On the contrary, transient interactions nucleating the assembly of temporary protein complexes resemble receptor-ligand interactions. Many of these interactions are mediated by protein interaction modules binding to short peptides exposed on the surface of the target proteins. The contact area between the recognition pocket of the interaction module and the target peptide is usually small, allowing for competitive disruption of the complex. Using site-directed mutagenesis, it has been possible to determine the amino acid residues important for binding, and thus peptides resembling the dimer interface have been designed. The binding ability of the construct can be subsequently optimized by combinatorial chemistry techniques in order to individuate the amino acid composition that would confer to the synthetic construct a binding affinity that is possibly higher than that of the physiological partner. Peptidomimetics and small organic molecules have also been tested as inhibitors with good success rates (Zutshi et al. 1998; Jiang et al. 2006; Arkin and Wells 2004; Turkson et al. 2004).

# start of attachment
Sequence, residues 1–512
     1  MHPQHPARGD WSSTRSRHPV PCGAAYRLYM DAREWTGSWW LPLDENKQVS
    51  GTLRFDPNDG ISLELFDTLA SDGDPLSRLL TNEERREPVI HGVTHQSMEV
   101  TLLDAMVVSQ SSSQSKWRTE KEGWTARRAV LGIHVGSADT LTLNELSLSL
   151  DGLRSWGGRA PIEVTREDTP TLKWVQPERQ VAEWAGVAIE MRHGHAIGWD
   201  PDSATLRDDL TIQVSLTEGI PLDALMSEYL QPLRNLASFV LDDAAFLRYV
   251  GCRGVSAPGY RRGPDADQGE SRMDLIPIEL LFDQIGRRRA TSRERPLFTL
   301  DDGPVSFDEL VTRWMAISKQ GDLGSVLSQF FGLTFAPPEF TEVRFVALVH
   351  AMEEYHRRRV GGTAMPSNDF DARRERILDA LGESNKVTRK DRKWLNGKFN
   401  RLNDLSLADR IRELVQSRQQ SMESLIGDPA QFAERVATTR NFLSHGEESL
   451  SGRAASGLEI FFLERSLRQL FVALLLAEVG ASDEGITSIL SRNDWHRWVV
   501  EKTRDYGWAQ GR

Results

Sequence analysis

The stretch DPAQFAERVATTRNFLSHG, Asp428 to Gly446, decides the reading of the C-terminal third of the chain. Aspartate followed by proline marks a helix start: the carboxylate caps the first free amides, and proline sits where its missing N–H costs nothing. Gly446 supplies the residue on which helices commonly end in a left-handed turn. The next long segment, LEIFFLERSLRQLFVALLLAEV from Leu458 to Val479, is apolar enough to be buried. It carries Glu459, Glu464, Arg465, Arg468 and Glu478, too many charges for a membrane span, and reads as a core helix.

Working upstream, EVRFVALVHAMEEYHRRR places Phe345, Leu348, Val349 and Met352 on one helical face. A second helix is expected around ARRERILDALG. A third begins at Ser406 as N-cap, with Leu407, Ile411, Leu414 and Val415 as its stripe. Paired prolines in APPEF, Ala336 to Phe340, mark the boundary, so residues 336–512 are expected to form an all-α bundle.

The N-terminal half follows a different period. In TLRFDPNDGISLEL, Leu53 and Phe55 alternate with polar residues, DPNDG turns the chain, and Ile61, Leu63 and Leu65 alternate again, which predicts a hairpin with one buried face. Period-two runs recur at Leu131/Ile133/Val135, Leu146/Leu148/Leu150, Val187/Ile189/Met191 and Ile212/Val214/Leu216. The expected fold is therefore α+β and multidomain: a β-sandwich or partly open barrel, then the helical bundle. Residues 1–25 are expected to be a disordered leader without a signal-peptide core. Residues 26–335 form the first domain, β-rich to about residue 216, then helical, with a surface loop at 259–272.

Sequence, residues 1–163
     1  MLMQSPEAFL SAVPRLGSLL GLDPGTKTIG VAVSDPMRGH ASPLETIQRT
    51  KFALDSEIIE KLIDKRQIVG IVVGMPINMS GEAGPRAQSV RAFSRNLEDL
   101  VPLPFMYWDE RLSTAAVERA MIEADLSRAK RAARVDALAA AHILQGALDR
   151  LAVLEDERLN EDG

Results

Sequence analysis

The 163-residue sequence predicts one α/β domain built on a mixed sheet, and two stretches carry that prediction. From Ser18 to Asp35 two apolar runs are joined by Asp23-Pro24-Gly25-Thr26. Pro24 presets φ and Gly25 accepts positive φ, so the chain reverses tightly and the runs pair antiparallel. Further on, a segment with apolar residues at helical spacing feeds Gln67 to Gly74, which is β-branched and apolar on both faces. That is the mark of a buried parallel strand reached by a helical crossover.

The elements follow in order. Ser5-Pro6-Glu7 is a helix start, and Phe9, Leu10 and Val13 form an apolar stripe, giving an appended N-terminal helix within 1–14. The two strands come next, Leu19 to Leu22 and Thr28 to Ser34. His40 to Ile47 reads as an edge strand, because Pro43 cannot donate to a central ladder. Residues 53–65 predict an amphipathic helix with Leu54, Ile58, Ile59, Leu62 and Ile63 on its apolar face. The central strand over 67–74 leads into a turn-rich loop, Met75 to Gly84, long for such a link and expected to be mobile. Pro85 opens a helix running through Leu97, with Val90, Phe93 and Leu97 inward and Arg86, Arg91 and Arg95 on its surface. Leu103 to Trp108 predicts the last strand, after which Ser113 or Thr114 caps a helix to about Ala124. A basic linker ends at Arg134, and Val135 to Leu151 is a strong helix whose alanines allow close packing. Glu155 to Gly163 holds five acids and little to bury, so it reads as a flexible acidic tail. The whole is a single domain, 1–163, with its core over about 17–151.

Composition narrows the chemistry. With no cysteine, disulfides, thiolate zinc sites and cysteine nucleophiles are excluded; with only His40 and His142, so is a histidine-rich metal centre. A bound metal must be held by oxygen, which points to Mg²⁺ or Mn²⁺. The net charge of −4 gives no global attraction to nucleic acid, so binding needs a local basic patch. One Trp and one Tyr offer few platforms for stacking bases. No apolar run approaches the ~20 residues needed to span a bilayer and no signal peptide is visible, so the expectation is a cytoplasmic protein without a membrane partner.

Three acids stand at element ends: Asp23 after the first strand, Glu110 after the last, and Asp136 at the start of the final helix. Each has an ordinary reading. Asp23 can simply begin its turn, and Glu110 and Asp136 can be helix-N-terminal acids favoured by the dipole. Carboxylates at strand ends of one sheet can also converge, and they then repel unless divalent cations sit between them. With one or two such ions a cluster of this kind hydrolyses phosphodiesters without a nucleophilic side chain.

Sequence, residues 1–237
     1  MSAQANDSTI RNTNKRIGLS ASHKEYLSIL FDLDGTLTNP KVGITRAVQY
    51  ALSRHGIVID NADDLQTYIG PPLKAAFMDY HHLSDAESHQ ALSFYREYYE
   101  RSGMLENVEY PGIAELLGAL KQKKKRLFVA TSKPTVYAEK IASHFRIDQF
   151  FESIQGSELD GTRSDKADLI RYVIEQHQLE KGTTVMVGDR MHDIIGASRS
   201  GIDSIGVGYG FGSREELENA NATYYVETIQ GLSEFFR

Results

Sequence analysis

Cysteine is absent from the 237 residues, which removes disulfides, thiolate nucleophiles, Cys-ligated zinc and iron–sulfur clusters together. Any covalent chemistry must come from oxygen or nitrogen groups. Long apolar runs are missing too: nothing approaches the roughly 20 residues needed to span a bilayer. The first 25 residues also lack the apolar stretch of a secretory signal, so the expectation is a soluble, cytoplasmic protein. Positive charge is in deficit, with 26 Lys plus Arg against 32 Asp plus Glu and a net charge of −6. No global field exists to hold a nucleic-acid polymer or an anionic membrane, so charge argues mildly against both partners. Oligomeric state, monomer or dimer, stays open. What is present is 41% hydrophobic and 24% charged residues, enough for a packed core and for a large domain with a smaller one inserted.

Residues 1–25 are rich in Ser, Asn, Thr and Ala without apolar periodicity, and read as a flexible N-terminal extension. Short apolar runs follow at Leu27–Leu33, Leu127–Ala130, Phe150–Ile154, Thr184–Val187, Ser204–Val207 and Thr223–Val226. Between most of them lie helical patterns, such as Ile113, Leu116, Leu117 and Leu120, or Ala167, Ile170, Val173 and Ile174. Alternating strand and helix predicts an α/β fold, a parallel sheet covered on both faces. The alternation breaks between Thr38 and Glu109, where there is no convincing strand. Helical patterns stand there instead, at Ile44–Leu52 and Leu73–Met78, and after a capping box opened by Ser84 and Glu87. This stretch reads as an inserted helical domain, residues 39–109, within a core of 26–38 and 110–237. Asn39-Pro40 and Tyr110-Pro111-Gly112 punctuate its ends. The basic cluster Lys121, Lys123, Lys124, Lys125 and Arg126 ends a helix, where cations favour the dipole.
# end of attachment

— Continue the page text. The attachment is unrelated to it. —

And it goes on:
Due to their pervasiveness and fundamental role in biological processes, protein interactions certainly hold enormous potential as drug targets. With respect to antibiotic design, targeting protein-protein interfaces rather than enzyme active sites has evident advantages: protein-protein interfaces have structural peculiarities that facilitate discrimination between the host proteins and the pathogen ones, whereas enzyme active sites show little difference. As a consequence, a potential drug directed against a pathogen enzyme active site may end up blocking the action of the cell's own enzymes (Singh et al. 2001). Furthermore, whereas pathogens can acquire antibiotic resistance by mutating a few residues in an enzyme active site, while maintaining the catalytic ones unaltered, in order to neutralize the action of a protein interaction inhibitor the pathogen would have to mutate simultaneously a few amino acid positions in both interacting surfaces to preclude drug binding and, at the same time, to preserve the ability of the partner proteins to interact. This is, of course, statistically more improbable.